Inside: We cannot avoid storms in life. You ARE going to deal with your kids’ meltdowns, arguments with your spouse, having your kid screaming “I hate you” and breaking things, and other challenging situations. However, we can prepare for them and get through them with minimal damage. In this week’s episode, I’m sharing a 4-step Ride-The-Storm plan that can help you survive the eye of the storm and remain calm during your kid’s most challenging behaviors.
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Facing your child’s most challenging behaviors is devastating for any parent.
In those dark moments, it’s normal to feel afraid, hopeless, embarrassed, and even angry.
We find ourselves questioning everything, wondering “how did we get here?” and “why is this happening to me?” and we start spiraling.
During one of my family’s hardest days, I was convinced Jason would divorce me… Seriously.
He took our daughter and drove off to his parents’ place.
And I believed our marriage was over.
It could have been.
However, we soon realized that it’s crucial not to let these emotions take over. Because it obviously doesn’t lead to anything good.
In life, we cannot avoid storms like this one.
You are going to deal with your kids’ meltdowns, arguments with your spouse, having your child screaming “I hate you” and breaking things, and many other wildly challenging situations.
However, we can prepare for them and get through them with minimal damage. Therefore, in this week’s episode, I am sharing a 4-step Ride-The-Storm plan that can help you survive the eye of the storm and remain calm during epic tantrums, outbursts, and meltdowns.
And when you change the way you show up – that’s when the transformation begins.
Developing a plan using the Calm the Chaos Framework can help you prepare for inevitable challenges, minimize the damage, and keep everyone safe and connected.
We will show you how to create a plan for surviving tough moments, whether it’s a fight over electronics, a disagreement with your spouse, or navigating your kids’ latest knock-down fight.
Let’s dive in!
I Thought My Marriage Was Over
Back to the day that I thought my marriage was over…
What actually happened… My oldest son, who was around 7 or 8 at the time, had yet another massive meltdown.
This time, our 18-month-old daughter got caught in the crossfire.
It all happened so fast – one moment, my son was playing in the room, and everything was ok. Jason stepped away for a second, and when he came back into the room, my son was yelling at the baby with his hand raised to punch her.
That was the moment when Jason scooped up our daughter, loaded the car, and took off to his parents’ place. I didn’t know if he was ever coming back. I thought that was the end of us.
Despite his love for me and our family, I knew my husband was considering divorce just to free himself of the constant chaos. Because that was the real issue – it wasn’t the ‘one’ incident… it was the constant chaos, inescapable survival mode, and perpetual fear.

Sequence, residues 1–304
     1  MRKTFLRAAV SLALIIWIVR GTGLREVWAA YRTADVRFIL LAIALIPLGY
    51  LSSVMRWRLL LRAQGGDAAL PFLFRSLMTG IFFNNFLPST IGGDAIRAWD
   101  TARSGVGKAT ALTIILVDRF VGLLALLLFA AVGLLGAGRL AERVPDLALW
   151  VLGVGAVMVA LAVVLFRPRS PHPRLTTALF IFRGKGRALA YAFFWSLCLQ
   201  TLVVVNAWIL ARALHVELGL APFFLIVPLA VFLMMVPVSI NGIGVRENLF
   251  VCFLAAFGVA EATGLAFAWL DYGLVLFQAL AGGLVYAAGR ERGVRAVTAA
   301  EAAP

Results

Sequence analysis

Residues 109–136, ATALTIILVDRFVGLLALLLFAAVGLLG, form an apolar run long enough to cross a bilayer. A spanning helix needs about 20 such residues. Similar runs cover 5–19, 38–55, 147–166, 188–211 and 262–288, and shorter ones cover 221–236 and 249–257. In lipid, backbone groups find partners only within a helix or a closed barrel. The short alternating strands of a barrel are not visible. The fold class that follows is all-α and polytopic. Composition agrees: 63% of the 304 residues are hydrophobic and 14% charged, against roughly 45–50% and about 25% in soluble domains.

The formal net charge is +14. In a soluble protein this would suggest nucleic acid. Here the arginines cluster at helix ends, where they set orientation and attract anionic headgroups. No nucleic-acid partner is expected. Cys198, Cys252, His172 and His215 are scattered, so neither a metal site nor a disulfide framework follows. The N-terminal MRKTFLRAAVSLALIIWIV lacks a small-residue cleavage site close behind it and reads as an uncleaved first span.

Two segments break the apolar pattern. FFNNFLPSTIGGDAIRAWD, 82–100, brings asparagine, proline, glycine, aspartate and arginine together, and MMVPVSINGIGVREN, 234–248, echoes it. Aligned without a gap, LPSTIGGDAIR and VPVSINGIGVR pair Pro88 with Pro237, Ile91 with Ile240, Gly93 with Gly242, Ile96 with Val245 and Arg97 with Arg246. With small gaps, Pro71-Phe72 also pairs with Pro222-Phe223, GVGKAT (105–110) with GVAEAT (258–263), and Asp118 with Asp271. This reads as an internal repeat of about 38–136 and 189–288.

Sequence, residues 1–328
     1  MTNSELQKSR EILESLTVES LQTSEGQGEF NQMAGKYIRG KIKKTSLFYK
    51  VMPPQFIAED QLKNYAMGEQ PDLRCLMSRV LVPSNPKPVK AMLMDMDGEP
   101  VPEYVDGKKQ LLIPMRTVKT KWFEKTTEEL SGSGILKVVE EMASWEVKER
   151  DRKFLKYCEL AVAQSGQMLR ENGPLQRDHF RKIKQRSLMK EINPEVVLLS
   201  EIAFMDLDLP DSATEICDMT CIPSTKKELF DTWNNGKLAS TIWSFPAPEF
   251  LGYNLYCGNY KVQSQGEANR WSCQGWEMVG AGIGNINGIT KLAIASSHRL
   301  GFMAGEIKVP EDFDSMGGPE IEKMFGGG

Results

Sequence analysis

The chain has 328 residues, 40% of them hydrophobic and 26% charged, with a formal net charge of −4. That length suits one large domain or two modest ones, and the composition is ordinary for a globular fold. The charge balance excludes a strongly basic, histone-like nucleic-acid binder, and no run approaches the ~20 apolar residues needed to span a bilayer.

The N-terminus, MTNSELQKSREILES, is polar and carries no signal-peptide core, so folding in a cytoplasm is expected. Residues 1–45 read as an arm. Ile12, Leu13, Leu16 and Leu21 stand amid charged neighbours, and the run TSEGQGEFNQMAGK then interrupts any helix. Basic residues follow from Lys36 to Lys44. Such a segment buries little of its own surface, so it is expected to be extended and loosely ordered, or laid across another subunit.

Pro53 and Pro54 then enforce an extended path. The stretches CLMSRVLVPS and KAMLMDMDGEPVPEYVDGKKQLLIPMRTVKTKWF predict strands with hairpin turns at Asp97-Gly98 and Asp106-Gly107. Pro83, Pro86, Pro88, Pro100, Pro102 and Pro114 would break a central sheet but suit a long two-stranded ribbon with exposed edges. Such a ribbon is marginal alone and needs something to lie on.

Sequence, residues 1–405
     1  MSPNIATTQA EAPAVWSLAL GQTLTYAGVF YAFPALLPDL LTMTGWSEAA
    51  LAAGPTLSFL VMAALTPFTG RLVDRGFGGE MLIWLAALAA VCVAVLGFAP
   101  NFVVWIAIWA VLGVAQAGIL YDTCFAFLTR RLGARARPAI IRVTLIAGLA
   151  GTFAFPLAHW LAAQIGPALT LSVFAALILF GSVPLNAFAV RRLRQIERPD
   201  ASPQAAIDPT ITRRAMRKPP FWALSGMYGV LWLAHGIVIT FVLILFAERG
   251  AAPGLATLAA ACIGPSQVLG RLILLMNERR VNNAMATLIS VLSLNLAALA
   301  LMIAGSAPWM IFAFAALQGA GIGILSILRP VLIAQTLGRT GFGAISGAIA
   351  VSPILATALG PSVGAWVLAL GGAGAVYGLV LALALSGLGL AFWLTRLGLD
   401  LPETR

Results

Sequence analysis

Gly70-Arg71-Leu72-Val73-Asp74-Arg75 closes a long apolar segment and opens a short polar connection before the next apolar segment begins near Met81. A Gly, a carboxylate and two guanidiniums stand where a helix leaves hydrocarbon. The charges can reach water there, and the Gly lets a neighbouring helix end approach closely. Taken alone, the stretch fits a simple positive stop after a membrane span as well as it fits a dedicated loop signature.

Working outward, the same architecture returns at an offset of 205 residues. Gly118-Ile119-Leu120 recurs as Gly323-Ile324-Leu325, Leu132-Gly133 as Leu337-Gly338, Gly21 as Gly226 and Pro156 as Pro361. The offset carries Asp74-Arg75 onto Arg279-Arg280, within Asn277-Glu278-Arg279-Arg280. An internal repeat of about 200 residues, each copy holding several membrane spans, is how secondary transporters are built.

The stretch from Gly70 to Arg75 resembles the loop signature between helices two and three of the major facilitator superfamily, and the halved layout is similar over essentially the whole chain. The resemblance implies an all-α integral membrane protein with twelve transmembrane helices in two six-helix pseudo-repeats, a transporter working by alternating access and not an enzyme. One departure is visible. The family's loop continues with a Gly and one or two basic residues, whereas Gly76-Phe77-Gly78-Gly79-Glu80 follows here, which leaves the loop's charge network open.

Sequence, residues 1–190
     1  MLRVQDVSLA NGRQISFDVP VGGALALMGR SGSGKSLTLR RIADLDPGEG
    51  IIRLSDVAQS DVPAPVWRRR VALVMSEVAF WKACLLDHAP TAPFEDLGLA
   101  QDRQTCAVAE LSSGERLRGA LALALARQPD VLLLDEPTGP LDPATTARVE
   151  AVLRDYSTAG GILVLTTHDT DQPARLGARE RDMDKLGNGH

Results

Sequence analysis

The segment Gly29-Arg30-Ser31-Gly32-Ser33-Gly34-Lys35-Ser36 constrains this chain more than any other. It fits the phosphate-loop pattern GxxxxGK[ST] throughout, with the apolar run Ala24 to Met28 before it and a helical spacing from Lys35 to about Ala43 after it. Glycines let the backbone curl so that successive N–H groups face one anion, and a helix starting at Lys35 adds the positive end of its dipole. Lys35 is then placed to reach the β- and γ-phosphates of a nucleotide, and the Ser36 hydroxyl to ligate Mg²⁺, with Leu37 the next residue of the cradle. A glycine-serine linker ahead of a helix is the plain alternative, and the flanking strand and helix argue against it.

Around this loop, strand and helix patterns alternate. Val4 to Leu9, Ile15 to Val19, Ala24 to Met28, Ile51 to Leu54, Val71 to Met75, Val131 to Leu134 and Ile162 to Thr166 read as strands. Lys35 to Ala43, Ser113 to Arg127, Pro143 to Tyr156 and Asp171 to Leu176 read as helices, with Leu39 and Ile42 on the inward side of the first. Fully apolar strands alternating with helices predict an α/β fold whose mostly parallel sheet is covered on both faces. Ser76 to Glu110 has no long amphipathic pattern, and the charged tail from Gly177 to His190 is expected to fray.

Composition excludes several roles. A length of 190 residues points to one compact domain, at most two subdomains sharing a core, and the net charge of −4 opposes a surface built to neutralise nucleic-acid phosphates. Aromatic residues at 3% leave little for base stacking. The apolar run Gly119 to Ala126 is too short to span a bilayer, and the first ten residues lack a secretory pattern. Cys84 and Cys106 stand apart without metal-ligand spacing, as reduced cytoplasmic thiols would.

What Does Survival Mode Look Like?
We were in survival mode for months, and it was exhausting.
I know there are millions of families going through the same thing, but they all think they’re the only ones struggling with this. Besides feeling overwhelmed, it also brings on loneliness, guilt, and shame, which only makes the situation worse.
But listen up, you’re not the only one facing this. Jason and I have been there too. In my Calm the Chaos System, we call this stage “Survive the Storm”, and parents and kids are the most vulnerable during this time.
When we were in Surviving the Storm, Jason and I were constantly fighting over how to parent… and pretty much everything else. We couldn’t even have a normal conversation.
I couldn’t leave our home just to go to the grocery store, we couldn’t leave the kids in the same room together without us. We were constantly walking on eggshells, waiting for the next big explosion to go off.
We were living in a minefield.
Every bit of energy we had was consumed with one goal: survival.
All self-care needs went out the window, even the bare minimum… bathing. We were going weeks without taking a shower. It was just too difficult to find a safe 10-minute window to clean ourselves.
Jason would go to work knowing he didn’t smell good. One day, his boss called him in and said, “I know things are tough at home… but you need to shower. It’s affecting other people.” So Jason went home to take a shower when the kids were out.
Yeah, it was that bad…
So, if you’re in that place right now, I just want to let you know that you’re not alone, and you’re not failing because your family is going through this tough time.
There’s a way out, and today we’re going to explore that path together.
The Survive the Storm Stage
At this stage, we call you a determined survivor.
Because you are.
Your number one goal is to get everyone to safety, including yourself. Forget about trying to fix or minimize the behavior you’re seeing. It’s all about making sure everyone is physically, emotionally, and mentally safe.
When the storm hits (like when my son had that major meltdown), we say and do things we’re not proud of, and we feel defenseless, desperate, and vulnerable. (I mean, it’s just the reality of living with a child who has aggression.)
It’s also really easy to fall into traps because, let’s be honest, we have no idea what to do, and we’re trying everything we can. (I’ll just quickly mention some of the common pitfalls, but if you want to learn more, check out episode 4 of the podcast.)